In reality, the scam relies on recruitments to remain afloat. When people stop participating, the supply of gifts dwindles, letting down countless people who were expecting gifts.

But it doesn’t end there: the information you provide during the exchange can easily end up in the hands of cyber thieves.

“When signing up, the alleged campaign organizer is asking for personal information such as a mailing address or an email,” says the BBB. “With just a few pieces of information, cyber thieves could expose you to future scams or commit identity theft.”

The BBB recommends keeping the following tips in mind should you receive an invitation to participate in an online gift exchange with people you don’t know:

  • Ignore it. Pyramid schemes are illegal in the United States and Canada.
  • Report social media posts inviting users to participate in the gift exchange.
  • Avoid giving out personal identifying information to strangers.
  • Be aware of false claims. Even invitations that claim to be legal and endorsed by the government are false, as the government will never endorse illegal activity.

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#cybersecurity | hacker | Application isolation and virtualization provide a false sense of cybersecurity – It’s time for a better solution

Source: National Cyber Security – Produced By Gregory Evans A recently discovered critical vulnerability presents yet another case study for the shortcomings of the isolation/virtual machine model for cybersecurity. The vulnerability, CVE-2019-14378, has a severity of 8.8, and was first published in the National Vulnerability Database on July 29th, 2019. The vulnerability affects QEMU, the […] View full post on AmIHackerProof.com

Cybersecurity #Awareness Doesn’t #Fuel Better #Preparation

New research from SolarWinds MSP has revealed that whilst awareness surrounding cyber-attacks is increasing it is not equating to better preparedness, with confusion about the risks posed and a lack of means to defend against them evident.

The 2017 Cyberattack Storm Aftermath study, commissioned with the Ponemon Institute, surveyed 200 senior-level execs in the US and US about emerging threats, specifically those propagated by the Vault 7 leaks and the WannaCry/NotPetya attacks fueled by the EternalBlue Shadow Brokers leak.

The results found that whilst the majority (69%) of respondents had a high awareness of both WannaCry and NotPetya threats, only 28% (WannaCry) and 29% (NotPetya) felt they would be able to prevent those attacks. What’s more, 44% of the respondents who were aware of the WannaCry patch failed to implement it, with that figure 55% for the NotPetya patch.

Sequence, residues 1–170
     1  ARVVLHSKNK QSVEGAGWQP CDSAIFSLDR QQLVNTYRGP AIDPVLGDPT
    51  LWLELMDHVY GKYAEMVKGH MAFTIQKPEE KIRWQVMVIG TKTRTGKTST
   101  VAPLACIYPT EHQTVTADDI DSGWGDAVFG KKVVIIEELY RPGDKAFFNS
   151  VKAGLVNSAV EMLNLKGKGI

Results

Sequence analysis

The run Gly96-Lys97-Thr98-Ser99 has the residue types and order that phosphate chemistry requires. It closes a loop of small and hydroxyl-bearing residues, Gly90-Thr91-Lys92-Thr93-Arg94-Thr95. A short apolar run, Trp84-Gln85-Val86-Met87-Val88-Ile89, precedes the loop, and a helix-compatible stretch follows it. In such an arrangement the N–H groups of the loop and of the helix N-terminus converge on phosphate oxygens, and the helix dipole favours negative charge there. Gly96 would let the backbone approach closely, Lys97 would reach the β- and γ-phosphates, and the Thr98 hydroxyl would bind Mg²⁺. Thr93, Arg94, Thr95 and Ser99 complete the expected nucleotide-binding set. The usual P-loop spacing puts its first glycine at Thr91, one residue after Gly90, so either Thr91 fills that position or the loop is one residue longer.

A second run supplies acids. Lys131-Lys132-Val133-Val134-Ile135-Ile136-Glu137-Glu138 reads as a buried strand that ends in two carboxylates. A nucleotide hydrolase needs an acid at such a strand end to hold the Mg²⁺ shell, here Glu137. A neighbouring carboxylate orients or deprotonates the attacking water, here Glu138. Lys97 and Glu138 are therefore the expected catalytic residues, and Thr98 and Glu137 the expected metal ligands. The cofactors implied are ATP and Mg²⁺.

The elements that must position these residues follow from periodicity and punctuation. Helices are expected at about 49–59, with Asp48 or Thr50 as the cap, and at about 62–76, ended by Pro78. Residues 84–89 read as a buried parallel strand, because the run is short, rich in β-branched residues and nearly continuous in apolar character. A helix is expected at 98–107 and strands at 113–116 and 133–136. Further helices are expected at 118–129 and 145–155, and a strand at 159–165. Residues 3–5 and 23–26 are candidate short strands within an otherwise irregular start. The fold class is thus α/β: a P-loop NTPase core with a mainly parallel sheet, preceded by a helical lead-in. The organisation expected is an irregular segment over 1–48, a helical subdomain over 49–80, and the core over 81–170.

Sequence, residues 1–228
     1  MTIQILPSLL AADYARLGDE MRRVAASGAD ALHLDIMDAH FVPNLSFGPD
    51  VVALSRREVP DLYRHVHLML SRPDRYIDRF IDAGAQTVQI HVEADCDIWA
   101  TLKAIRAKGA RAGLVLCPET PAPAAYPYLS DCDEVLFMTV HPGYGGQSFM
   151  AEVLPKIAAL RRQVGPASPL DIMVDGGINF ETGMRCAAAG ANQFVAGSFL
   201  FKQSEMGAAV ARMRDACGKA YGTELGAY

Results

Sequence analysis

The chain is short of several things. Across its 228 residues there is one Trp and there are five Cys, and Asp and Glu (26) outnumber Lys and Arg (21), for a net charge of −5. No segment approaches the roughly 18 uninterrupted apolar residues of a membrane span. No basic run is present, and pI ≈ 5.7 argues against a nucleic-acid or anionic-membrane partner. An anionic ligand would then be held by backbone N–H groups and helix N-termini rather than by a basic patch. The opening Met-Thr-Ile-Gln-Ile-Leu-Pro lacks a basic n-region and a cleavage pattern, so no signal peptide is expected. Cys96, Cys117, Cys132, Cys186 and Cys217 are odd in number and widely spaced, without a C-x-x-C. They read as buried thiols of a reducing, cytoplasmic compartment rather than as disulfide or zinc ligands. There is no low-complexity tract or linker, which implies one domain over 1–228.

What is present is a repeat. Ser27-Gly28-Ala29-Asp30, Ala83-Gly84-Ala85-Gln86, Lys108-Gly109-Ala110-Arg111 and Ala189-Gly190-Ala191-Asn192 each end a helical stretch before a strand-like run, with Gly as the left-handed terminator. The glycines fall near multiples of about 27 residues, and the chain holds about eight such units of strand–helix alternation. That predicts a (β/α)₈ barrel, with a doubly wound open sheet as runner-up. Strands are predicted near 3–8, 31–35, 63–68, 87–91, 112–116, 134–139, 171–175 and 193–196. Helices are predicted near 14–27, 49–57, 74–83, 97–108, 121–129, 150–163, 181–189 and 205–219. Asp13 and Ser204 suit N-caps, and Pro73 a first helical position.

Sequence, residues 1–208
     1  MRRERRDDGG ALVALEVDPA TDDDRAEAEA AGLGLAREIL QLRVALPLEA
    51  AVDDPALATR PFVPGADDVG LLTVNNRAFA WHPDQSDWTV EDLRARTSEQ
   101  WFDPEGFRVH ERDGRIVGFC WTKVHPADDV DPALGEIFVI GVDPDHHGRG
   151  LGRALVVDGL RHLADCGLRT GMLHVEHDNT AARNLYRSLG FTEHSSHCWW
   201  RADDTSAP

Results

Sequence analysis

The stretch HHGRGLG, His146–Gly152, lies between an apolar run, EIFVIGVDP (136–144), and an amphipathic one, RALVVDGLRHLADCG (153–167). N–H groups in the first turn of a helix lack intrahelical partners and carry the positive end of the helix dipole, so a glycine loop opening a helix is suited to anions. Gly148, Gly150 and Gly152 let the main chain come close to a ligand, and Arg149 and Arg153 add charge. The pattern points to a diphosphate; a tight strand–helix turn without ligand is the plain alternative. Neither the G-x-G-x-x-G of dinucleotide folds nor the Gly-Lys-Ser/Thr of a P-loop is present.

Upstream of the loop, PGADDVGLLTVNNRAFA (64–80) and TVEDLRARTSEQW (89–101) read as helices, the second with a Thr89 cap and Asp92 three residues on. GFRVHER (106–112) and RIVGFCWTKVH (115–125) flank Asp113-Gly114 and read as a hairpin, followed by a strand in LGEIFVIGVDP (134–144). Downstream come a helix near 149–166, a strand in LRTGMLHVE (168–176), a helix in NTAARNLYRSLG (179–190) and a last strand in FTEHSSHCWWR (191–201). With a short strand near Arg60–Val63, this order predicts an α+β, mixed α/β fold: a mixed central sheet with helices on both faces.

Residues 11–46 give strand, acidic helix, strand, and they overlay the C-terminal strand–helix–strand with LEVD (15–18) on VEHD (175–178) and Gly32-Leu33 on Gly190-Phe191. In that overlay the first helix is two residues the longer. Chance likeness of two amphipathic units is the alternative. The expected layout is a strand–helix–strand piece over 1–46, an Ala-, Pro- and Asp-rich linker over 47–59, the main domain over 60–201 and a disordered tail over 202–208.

Speaking to Infosecurity Tim Brown, VP of security, said that the key to prevention is applying the appropriate patches, but too many businesses are failing to make that connection.

“That shows a lack of knowledge on what the action plan associated with a vulnerability should be,” he added. “People often don’t think of basic security hygiene as one of the most important things they need to do, but it really is – although it’s really not easy. Doing the basics well is not ‘sexy’ or ‘cool’, it’s a lot of hard work that needs to get done, but no technology is going to really save you from that hard work.”

Another significant finding from the report was that more than half of execs felt they did not have sufficient budget to prevent, detect and contain significant cybersecurity threats.

“Budget is always an issue, and basically your security budget always first goes towards meeting your regulatory requirements. How you move the needle towards more security is always a challenge. You have to be able to explain in more business terms the ‘what if’ scenarios.

To conclude Larry Ponemon, founder of the Ponemon Institute, said the lack of knowledge among senior-level security execs highlighted in the report is worrying.

“They know that attacks are on the increase, but many don’t know what they are and seem unable to effectively prevent them,” he added. “Better use needs to be made of the resources available, such as US CERT alerts, and the service providers that most businesses are using to outsource protection. Those providers also need to step up and provide education on where most attacks are coming from and how they can be prevented.”